Zarah Parker

Zarah Parker

The appeal of the Heights as a neighborhood might be different for everyone. For me it’s the expansive and continually growing restaurant scene.

The parking, or lack thereof, at many Heights establishments is and isn’t a problem, nor is it a new topic of discussion. Regardless, something I’ve heard to combat the parking issue is the walkability of the neighborhood.

If you live in the Heights, chances are there are plenty of restaurants or bars you can walk to without a problem. But one afternoon as I was leaving my brother’s business, which is situated on 20th Street in between Durham and North Shepherd drives, to grab lunch with him, I wondered if the walkability of the neighborhood was really a plus or just something that was used as an excuse.

I’ve always admired the Heights because of how many people walked and biked everywhere. It made the neighborhood homier in a way.

Yet when I was grabbing lunch with my brother I realized that if you were going to depend on walking to your favorite Heights spots, you had to live specifically near them. From my brother’s business locale, we could easily grab lunch from Mellow Mushroom, Velvet Taco, The Burger Joint and The Taco Stand. Hitting 19th Street or 18th Street near Shepherd for its selection of restaurants would be pretty easy, too.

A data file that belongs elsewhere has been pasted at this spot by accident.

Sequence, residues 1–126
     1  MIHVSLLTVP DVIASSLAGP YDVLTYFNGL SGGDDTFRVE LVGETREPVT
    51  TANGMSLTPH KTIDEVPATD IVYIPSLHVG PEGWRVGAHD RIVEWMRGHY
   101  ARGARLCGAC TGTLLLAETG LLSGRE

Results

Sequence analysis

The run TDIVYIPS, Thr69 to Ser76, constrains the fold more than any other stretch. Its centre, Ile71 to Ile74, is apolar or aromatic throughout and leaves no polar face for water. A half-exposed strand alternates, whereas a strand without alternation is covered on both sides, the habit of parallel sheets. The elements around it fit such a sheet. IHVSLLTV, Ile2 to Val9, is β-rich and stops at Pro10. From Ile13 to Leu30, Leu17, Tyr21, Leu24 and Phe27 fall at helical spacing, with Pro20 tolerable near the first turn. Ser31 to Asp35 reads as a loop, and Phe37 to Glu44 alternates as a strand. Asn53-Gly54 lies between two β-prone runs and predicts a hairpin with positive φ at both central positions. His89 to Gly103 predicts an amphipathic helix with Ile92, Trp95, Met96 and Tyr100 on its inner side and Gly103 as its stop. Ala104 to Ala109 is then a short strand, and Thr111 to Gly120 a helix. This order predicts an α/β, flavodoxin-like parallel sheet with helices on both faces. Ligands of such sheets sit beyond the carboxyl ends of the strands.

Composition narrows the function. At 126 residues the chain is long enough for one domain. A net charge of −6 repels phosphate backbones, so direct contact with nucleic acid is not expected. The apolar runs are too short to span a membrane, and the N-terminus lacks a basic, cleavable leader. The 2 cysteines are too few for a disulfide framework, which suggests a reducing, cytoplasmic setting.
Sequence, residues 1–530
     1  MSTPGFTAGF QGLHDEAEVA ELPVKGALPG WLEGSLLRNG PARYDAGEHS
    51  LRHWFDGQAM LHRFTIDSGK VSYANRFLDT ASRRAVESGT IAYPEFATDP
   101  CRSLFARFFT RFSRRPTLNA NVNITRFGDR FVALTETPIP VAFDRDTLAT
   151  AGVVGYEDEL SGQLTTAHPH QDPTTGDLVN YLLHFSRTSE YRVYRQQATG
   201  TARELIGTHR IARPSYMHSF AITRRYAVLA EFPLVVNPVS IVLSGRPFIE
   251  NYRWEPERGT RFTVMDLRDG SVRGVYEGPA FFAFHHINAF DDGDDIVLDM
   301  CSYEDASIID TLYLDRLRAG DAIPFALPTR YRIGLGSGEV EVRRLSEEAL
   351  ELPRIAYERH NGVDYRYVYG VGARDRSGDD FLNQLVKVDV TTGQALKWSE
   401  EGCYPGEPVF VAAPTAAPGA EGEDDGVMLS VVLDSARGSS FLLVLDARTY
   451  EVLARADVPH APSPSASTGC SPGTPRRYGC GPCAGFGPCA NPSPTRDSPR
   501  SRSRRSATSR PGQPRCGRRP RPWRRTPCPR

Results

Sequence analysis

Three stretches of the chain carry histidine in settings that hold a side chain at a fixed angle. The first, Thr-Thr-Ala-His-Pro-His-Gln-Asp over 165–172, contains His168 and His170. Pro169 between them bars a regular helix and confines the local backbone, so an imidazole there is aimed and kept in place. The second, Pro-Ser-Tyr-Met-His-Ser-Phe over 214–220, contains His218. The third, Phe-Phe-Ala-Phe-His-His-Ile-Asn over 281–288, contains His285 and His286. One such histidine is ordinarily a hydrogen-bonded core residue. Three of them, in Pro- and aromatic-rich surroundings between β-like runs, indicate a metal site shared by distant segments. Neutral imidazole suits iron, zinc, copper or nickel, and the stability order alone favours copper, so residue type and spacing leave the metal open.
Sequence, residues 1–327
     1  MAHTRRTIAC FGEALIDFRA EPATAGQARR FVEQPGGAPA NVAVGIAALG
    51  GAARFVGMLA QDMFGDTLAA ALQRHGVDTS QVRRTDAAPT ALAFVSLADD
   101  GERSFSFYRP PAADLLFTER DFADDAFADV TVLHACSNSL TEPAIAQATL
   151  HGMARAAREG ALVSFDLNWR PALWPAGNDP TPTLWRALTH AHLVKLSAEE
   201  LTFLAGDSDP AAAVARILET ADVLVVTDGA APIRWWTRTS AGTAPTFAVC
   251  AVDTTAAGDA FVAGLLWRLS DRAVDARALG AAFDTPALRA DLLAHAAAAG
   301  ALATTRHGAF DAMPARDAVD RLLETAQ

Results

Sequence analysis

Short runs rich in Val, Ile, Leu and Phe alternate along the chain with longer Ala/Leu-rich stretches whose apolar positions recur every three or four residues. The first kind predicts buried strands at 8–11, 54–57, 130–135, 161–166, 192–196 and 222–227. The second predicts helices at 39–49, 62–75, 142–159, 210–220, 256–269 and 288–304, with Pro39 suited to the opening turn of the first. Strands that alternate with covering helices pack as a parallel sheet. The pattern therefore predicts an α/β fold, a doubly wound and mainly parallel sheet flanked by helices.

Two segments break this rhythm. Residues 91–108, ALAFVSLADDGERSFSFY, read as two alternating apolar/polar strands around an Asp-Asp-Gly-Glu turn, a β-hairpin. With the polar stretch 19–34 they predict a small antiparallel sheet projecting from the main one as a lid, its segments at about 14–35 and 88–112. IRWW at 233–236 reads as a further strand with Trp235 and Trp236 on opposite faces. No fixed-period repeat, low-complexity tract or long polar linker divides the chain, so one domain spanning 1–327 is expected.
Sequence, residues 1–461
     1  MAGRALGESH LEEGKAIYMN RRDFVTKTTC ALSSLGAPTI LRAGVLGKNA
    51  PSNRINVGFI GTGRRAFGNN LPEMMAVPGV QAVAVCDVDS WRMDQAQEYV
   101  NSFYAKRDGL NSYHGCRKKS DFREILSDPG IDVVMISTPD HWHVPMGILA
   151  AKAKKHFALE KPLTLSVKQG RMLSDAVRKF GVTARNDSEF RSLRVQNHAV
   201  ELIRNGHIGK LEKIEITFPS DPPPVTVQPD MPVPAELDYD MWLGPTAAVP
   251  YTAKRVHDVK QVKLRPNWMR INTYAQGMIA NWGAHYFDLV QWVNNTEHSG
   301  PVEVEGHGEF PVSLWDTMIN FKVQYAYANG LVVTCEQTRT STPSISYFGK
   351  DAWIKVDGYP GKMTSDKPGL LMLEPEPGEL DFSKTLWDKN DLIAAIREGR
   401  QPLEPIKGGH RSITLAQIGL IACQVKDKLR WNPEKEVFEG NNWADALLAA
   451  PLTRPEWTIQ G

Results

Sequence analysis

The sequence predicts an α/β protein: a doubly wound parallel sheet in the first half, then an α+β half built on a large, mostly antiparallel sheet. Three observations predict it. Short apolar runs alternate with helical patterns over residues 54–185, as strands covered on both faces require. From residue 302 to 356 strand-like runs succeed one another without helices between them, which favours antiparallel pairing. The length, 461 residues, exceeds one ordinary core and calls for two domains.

Even though many of those restaurants are great places to eat, it wouldn’t be long for it to take walking to the same places to get old. Walking much further wouldn’t necessarily be out of the question, but I doubt it would happen often if it was easier to jump in the car.

When I think of the Heights I imagine it as one neighborhood with different pockets of restaurants and bars, built in a way that is really for the people who live nearby. Which sounds like a normal neighborhood, yet, I think it’s really unique to the Heights.

For example, I don’t live in Memorial, but I often am in that part of town. I’m often in other parts of town in general, but it’s only the Heights that feels like a community for itself. And I don’t think that’s a bad thing.

As someone who doesn’t live in the Heights, I’m looking at this from an outsider's perspective, but as someone whose primary work revolves around the neighborhood, I’m there a lot. Since that’s the case, many times before I go to a new place in the Heights, I go to Google Maps and check out the parking situation. When it’s limited parking, I go out of my way to visit a place during non-busy hours.

I do think what walkability the Heights has is still a plus for the neighborhood. You’re more likely to spot me walking in the Heights than in Memorial.

I just think it’s time to be more realistic about the whole “but you can just walk everywhere” statement I often hear about the Heights. It’s needs to be reworded: “If you live in this part of the Heights, you can walk to these specific places.”

Of course, there are people who want to walk across the whole neighborhood. To each their own, I suppose.

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